Masry in the Media: Egyptian Laws and Landmarks

I’ve been following the Middle East, specifically Egypt a bit more closely ever since I left in July. It’s been an interesting evolution of thought as I’ve compared the land of pharaohs to our own. In some ways Egypt is incredibly different and often backwards, especially in the areas of women’s rights, and freedom of speech, but flying into Detroit on the way back, it’s hard not to see the backwardness of America, as well. With that being said, the Egypt that I experienced, being a white, male, student, other, was one markedly different than the one that exists — being an outsider it was very hard for me to have a genuinely Egyptian experience in my short time there (my American citizenship also excluded me from some realities of Egyptian life). After traveling there, it’s been fascinating to read about the social and political issues there that did not exist to me as a foreigner.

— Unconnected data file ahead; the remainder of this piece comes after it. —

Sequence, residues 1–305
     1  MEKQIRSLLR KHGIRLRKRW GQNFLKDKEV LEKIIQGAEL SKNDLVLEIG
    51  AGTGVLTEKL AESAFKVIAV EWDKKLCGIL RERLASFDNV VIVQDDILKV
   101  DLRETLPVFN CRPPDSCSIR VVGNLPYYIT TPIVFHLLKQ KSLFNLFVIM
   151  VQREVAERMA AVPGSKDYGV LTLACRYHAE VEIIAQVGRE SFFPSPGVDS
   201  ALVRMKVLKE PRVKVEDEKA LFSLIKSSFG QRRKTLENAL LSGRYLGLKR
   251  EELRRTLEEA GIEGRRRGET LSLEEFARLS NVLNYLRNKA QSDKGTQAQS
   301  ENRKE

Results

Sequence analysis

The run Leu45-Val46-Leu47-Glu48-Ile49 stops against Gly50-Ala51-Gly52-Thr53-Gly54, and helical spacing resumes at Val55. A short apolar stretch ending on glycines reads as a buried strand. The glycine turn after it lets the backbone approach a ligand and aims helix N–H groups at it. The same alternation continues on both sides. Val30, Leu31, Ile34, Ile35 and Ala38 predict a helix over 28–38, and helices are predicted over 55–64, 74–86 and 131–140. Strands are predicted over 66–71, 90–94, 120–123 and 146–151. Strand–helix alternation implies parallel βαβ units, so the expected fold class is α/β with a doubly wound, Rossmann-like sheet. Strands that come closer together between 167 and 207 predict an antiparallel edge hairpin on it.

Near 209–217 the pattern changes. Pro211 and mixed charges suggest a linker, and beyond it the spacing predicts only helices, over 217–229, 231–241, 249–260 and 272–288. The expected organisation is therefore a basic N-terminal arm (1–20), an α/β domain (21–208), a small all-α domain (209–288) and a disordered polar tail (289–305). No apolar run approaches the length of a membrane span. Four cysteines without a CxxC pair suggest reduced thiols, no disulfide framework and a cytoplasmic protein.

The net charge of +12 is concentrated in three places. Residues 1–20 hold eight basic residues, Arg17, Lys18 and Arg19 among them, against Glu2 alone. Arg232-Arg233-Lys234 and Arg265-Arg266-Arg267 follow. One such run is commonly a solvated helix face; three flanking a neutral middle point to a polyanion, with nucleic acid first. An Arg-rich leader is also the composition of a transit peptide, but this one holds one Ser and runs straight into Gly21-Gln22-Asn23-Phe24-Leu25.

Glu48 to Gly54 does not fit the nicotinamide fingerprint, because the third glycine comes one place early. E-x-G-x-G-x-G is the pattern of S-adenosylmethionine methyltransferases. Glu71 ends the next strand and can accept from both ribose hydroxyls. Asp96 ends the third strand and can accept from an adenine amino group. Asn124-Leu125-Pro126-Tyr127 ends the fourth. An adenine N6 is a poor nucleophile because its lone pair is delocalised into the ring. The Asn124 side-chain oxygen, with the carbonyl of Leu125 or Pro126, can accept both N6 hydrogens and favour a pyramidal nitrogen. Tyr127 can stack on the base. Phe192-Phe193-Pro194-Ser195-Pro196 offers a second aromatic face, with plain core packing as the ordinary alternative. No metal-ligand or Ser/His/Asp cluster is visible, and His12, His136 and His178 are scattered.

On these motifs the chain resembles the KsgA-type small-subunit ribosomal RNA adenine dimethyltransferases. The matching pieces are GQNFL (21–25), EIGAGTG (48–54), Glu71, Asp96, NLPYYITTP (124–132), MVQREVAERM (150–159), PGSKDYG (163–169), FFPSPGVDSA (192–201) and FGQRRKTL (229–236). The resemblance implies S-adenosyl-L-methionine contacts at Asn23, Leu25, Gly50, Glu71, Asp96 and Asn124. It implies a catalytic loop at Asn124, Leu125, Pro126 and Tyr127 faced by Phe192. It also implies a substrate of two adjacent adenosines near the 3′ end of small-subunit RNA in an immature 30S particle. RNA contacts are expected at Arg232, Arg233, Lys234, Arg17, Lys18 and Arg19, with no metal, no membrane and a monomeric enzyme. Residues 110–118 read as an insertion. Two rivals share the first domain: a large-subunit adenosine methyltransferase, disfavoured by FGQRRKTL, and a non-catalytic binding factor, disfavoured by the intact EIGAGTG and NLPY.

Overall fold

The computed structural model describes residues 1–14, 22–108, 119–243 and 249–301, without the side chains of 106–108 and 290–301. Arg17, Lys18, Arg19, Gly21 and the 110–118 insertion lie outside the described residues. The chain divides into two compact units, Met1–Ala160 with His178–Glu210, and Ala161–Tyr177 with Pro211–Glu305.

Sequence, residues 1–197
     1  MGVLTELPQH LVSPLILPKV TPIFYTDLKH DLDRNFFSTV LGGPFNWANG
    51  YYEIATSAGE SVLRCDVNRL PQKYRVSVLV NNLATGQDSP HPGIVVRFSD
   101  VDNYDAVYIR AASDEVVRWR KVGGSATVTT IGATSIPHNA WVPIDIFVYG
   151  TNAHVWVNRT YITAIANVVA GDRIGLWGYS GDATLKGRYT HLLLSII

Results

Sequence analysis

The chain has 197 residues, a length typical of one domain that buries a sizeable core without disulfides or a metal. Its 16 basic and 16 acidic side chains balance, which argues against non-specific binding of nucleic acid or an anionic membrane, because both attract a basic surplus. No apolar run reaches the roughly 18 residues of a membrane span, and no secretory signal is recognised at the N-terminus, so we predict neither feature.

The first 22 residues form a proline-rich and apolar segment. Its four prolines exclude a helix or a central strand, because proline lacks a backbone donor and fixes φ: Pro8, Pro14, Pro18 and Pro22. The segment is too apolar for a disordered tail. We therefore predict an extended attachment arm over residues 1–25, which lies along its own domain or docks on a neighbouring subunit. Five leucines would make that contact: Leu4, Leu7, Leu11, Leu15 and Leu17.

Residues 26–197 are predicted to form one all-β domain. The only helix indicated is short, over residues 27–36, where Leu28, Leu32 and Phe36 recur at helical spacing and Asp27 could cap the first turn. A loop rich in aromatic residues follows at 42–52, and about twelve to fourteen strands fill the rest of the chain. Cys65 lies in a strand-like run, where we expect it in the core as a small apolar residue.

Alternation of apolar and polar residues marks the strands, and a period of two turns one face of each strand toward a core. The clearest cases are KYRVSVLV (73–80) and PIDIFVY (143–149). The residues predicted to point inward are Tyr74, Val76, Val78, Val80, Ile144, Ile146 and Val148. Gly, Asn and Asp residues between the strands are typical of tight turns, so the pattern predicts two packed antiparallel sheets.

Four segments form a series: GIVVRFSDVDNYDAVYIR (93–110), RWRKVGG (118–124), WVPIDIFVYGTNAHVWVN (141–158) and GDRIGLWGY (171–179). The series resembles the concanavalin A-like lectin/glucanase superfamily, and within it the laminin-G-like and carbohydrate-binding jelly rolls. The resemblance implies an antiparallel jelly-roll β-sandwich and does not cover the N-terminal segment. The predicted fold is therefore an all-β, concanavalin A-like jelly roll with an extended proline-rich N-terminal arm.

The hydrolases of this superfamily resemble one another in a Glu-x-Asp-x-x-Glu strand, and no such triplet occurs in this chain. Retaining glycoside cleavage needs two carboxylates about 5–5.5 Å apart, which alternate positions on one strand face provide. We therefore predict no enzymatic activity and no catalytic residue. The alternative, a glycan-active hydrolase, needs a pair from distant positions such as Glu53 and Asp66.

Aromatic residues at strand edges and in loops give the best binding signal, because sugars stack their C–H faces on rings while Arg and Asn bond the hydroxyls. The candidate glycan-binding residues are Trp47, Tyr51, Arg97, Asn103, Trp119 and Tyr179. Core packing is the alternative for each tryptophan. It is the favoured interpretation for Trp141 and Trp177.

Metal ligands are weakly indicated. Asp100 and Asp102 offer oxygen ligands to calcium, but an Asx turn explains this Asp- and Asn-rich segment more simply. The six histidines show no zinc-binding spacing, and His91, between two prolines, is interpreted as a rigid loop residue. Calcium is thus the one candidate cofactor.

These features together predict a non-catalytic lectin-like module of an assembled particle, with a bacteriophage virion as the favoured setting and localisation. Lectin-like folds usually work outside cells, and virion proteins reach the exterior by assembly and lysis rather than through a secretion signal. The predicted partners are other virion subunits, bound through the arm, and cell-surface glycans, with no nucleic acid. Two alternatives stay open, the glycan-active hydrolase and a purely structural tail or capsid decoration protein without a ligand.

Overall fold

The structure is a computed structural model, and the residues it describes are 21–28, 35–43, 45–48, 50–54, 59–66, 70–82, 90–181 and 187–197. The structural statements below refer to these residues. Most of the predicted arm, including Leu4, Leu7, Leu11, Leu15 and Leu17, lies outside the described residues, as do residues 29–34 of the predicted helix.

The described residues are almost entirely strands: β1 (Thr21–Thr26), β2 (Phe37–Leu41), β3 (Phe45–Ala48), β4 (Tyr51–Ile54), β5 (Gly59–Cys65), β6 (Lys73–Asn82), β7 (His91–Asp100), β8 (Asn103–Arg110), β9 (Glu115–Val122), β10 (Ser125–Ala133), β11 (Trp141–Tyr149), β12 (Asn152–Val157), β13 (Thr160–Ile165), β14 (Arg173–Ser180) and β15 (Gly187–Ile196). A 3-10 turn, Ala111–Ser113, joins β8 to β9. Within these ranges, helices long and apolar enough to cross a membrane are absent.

Recently a number of articles have appeared on the beeb in reference to this. Of note, three talk about sexual harassment and the first known imprisonment for this crime. The fourth is a frank discussion about the emergency law, the scary social implications, and resulting political discontent.

Landmark Sexual Harassment Case

Egyptian Statistics on Sexual Harassment

Women on the Reality of Sexual Harassment

Egyptian Thoughts on the Emergency Law

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